America's Favorite Investment

Last summer, Gallup ran a poll asking Americans what they thought would make the best long-term investment. The results:

  • 34% said gold.
  • 19% said real estate.
  • 17% said stocks
  • 14% said savings accounts
  • 10% said bonds

This was telling, I wrote. There are only a few ironclad rules of investing. One is that there's a negative correlation between sentiment and future returns. When the public expects outsize returns, they practically guarantee otherwise. When people won't touch an asset because they think it's toxic, the stage is set for outperformance.

So I issued a challenge:

Can anyone think of a time when an asset the general public was most bullish (or bearish) on performed the best (or worst) over the subsequent 10 or 15 years? I can't. If one exists, share it in the comment section below. If not, think long and hard about how you feel about stocks and gold.

One year doesn't a trend make, nor is it "long-term," but since that survey was taken, gold has dropped about 1%, while the S&P 500 (INDEX: ^GSPC  ) is up 14%.

Anyways, Gallup ran the same poll last week, asking Americans what they think will make the best long-term investment. Drumroll, please…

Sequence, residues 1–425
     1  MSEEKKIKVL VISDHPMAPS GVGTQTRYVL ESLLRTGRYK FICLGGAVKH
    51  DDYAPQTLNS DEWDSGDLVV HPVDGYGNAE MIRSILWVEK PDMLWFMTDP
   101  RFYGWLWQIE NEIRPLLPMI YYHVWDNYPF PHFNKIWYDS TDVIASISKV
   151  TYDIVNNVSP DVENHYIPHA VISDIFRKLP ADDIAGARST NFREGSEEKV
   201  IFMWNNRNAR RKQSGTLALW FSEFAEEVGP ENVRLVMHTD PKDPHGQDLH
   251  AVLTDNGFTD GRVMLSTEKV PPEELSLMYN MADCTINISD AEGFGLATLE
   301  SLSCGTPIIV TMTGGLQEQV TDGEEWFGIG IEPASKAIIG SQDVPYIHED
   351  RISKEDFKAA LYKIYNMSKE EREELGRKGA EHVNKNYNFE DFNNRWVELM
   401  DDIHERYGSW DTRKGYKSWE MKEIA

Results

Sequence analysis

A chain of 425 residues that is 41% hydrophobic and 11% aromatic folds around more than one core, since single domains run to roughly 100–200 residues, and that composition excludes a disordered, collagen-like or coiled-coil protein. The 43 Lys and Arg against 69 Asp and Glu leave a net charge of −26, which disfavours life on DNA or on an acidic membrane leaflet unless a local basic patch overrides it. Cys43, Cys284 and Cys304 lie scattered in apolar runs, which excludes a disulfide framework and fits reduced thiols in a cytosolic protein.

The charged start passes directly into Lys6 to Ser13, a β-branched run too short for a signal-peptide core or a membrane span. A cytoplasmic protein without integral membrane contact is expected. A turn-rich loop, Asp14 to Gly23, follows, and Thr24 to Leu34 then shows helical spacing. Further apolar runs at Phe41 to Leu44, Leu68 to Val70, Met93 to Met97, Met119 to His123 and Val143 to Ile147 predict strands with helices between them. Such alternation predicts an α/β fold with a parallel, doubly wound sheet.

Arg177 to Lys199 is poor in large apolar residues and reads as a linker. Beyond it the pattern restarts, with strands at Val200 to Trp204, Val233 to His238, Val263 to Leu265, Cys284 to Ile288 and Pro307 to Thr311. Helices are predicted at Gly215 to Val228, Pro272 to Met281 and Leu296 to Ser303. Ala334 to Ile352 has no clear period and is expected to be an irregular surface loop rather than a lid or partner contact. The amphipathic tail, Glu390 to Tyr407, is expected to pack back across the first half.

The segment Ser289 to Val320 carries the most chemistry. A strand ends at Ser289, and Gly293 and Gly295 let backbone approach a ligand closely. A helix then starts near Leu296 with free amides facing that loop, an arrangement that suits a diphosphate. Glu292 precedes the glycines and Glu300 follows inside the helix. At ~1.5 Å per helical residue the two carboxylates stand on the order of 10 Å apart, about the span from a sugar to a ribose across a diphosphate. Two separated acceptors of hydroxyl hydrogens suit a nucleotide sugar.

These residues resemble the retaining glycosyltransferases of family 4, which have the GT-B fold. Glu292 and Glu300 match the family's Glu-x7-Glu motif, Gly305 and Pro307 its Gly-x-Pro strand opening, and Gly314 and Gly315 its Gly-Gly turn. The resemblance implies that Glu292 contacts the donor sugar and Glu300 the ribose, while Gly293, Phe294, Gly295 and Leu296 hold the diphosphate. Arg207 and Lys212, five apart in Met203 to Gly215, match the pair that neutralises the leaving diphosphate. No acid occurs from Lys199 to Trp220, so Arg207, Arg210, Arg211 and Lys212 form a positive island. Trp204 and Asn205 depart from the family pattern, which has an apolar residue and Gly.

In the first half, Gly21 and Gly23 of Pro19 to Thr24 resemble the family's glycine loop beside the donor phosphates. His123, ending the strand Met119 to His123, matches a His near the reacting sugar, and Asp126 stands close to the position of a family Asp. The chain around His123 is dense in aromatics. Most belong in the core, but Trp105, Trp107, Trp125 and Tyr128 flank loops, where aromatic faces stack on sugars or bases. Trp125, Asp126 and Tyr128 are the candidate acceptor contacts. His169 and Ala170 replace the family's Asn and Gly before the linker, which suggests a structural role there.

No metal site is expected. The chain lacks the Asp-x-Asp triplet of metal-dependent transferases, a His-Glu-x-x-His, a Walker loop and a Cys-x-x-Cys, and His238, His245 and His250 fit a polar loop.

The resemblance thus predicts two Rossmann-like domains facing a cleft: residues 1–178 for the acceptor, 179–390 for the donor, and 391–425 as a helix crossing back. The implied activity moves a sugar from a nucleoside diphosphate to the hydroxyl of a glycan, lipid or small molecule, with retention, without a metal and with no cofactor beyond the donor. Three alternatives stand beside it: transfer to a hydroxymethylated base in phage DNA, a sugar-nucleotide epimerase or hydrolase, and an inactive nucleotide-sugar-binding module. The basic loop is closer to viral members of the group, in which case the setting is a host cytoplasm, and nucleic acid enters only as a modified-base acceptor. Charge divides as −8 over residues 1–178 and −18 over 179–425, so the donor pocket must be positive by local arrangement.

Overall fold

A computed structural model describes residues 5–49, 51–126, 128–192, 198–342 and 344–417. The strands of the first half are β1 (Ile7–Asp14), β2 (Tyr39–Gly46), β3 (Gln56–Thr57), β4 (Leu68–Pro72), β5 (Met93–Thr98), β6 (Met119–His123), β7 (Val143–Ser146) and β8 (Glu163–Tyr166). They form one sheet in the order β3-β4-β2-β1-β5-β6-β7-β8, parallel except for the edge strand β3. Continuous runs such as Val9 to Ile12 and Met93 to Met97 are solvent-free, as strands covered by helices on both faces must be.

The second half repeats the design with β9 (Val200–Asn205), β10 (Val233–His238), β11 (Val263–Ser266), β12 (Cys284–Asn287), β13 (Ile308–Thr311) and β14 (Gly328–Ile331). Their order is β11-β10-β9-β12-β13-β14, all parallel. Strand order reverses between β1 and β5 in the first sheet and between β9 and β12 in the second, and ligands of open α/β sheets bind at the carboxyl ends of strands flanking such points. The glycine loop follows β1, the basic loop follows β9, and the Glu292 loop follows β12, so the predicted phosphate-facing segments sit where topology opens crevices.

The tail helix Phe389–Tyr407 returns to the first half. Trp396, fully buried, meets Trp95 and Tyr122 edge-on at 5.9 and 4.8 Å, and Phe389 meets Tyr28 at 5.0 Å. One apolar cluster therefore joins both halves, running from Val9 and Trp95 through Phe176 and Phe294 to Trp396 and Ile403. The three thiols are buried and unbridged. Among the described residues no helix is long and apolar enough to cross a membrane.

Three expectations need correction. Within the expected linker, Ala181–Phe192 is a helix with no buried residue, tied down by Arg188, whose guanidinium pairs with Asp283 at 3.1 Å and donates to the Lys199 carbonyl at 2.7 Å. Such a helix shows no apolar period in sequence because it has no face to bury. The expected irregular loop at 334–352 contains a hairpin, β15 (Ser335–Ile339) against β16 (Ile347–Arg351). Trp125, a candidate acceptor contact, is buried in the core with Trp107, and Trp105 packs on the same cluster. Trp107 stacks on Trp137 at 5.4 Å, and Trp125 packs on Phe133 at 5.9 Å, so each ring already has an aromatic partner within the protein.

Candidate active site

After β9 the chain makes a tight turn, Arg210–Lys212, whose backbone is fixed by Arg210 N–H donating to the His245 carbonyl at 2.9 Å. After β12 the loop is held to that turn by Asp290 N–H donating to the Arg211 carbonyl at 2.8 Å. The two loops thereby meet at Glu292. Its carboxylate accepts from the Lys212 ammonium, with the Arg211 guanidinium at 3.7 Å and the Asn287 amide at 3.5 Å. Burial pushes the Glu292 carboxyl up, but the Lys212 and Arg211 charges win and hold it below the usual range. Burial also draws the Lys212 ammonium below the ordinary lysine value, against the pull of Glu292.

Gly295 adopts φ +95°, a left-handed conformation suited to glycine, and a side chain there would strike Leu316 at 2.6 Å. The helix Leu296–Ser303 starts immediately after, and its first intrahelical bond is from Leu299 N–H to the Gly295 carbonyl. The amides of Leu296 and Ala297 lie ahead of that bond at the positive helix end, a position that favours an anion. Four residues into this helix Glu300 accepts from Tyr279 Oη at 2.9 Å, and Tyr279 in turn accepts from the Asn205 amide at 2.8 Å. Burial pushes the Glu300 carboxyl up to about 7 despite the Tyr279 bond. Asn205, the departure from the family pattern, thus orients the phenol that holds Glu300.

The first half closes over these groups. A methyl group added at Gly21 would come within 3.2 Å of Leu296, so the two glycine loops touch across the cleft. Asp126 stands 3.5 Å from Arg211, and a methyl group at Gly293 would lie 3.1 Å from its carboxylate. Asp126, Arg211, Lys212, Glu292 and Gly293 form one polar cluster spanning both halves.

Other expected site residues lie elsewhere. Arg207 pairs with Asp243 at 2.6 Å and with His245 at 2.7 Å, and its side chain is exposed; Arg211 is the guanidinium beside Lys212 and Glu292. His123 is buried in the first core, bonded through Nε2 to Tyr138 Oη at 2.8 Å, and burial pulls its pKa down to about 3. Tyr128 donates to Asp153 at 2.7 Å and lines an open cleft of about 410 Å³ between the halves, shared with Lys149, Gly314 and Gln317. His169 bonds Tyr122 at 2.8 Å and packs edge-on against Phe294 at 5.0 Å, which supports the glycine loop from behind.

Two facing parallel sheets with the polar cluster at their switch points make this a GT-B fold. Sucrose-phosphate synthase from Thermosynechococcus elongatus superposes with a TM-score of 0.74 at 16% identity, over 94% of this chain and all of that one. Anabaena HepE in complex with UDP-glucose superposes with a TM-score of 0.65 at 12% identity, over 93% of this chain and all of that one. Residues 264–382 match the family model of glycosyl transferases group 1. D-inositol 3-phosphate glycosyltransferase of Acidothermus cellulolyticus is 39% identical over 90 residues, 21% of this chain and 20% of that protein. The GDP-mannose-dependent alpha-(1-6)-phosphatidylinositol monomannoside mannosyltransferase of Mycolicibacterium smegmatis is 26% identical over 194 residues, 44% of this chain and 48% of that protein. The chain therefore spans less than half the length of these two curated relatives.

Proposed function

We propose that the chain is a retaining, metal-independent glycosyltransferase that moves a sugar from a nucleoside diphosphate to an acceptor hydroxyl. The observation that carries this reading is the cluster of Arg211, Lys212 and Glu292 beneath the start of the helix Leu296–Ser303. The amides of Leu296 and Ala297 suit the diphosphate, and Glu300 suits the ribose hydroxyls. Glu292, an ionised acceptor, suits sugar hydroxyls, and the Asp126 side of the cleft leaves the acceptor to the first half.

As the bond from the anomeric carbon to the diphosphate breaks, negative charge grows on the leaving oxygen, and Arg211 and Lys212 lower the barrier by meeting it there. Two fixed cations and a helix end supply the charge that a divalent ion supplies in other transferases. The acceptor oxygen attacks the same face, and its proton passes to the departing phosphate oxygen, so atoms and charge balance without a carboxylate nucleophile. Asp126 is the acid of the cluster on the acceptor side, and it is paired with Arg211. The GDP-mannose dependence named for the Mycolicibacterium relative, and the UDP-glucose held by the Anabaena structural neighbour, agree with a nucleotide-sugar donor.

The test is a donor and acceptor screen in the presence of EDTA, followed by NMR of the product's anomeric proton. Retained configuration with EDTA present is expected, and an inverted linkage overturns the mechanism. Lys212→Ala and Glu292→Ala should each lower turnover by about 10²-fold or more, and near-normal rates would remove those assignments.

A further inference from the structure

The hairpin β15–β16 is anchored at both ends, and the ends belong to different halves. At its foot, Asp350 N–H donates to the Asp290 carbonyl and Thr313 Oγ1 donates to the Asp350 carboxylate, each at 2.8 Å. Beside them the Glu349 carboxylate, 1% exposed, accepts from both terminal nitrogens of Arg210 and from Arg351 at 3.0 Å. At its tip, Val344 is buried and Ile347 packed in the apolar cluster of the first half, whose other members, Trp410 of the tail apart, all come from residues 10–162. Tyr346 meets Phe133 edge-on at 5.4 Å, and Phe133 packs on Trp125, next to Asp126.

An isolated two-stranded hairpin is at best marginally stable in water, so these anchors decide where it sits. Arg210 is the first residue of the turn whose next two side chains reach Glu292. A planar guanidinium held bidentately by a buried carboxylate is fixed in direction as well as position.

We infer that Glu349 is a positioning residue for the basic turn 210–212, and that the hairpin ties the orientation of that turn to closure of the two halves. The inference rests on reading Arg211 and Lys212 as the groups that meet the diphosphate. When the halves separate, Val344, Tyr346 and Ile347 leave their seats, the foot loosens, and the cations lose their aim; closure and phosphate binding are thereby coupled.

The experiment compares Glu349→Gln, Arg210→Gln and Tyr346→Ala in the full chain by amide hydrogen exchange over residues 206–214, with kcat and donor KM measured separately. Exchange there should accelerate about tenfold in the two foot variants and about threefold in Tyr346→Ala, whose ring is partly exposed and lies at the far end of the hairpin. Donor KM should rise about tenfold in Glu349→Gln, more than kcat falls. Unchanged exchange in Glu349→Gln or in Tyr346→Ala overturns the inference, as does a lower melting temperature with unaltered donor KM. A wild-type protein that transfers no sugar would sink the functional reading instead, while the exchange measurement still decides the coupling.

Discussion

• 28% said gold.
  • 20% said real estate.
  • 19% said stocks
  • 19% said savings accounts.
  • 8% said bonds.

Somewhat different from last summer, but gold still takes the cake.

Another interesting point: The fact that Americans are as bullish on savings accounts that yield nothing as they are on stocks that yield 3% and can grow earnings along with inflation is telling. History has a habit of humbling those kinds of outlooks.

What do you think?

Fool contributor Morgan Housel doesn't own shares in any of the companies mentioned in this article. Follow him on Twitter @TMFHousel. The Motley Fool has a disclosure policy. We Fools may not all hold the same opinions, but we all believe that considering a diverse range of insights makes us better investors. Try any of our Foolish newsletter services free for 30 days.